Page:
There would also be tests to measure how much energy the prosthetic blade would return as compared to human legs. This would be done by placing pressure plates on the floor, and when Oscar’s prosthetic blades land on it, they would measure the pressure upon impact, and together with high tech cameras and infra-red technology, they could calculate the degree of spring created by the prosthetic blades.
Oscar’s Olympic Dreams Lay In Limbo
On January 10th 2008, the IAAF ruled that the prosthetic blades gave Oscar Pistorius an unfair advantage over athletes not using the blades. This was based on the finding that the blades returned 90% energy as compared to 60% using human legs.
Oscar Pistorius was banned from the able-bodied events. His dream of competing in the Olympics in the able-bodied event was over…or so he thought.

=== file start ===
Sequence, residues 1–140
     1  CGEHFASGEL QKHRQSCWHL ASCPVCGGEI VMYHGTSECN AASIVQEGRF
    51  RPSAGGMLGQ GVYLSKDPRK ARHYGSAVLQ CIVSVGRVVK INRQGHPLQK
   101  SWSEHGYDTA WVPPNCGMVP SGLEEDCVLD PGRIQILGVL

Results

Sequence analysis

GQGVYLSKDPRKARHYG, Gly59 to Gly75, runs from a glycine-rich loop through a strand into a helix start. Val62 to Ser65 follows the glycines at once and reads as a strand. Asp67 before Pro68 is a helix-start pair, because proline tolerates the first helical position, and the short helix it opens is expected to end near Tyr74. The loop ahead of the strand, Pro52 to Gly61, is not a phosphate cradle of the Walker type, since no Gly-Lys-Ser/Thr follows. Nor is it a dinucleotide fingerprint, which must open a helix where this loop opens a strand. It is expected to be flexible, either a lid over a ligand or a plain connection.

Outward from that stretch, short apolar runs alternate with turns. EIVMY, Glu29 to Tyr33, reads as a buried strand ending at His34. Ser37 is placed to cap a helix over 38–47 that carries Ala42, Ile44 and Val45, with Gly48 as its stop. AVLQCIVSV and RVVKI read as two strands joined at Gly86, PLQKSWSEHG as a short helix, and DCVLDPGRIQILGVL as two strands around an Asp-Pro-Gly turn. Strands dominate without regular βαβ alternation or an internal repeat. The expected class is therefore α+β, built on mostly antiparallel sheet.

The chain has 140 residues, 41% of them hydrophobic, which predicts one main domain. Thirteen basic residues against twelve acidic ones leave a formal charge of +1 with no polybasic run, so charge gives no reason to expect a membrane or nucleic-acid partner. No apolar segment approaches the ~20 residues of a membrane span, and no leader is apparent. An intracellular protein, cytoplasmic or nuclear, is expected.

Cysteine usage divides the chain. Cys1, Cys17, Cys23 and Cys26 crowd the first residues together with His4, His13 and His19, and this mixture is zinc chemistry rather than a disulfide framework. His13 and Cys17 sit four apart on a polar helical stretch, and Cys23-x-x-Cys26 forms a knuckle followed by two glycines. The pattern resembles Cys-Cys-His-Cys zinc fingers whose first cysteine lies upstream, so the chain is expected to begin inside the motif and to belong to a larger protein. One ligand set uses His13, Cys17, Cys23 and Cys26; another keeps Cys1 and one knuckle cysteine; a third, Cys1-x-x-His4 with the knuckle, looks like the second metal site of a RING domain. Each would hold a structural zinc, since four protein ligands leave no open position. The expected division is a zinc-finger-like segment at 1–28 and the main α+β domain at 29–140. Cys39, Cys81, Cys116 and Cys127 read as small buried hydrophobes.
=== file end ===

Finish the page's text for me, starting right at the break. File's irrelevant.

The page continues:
Appeal To The Court Of Arbitration For Sports
Oscar and his team went to the USA to conduct additional tests and submitted an appeal to the Court of Arbitration for Sports.
In May 2008, about 4 months later, the Court of Arbitration for Sports ruled that the tests conducted did show that the Prosthetic blades gave Oscar an unfair advantage. Hence they upheld his appeal. Oscar is now free to compete in the Olympics.
However time was running out on Oscar.
With all the distractions going on, Oscar did not focus as much on training as he should and he could only achieve a time of 46.25 seconds in the 400 metres in Lucerne, Switzerland. He would fall short of the Olympic qualification time of 45.55 seconds by 0.7seconds.
He was also not selected for the 4 x 400 metres relay team as there were four other runners who had achieved better times.
Oscar Pistorius is down but he is certainly not out. He now set his sights on the 2012 London Games. I am firmly behind this man who simply would not give up.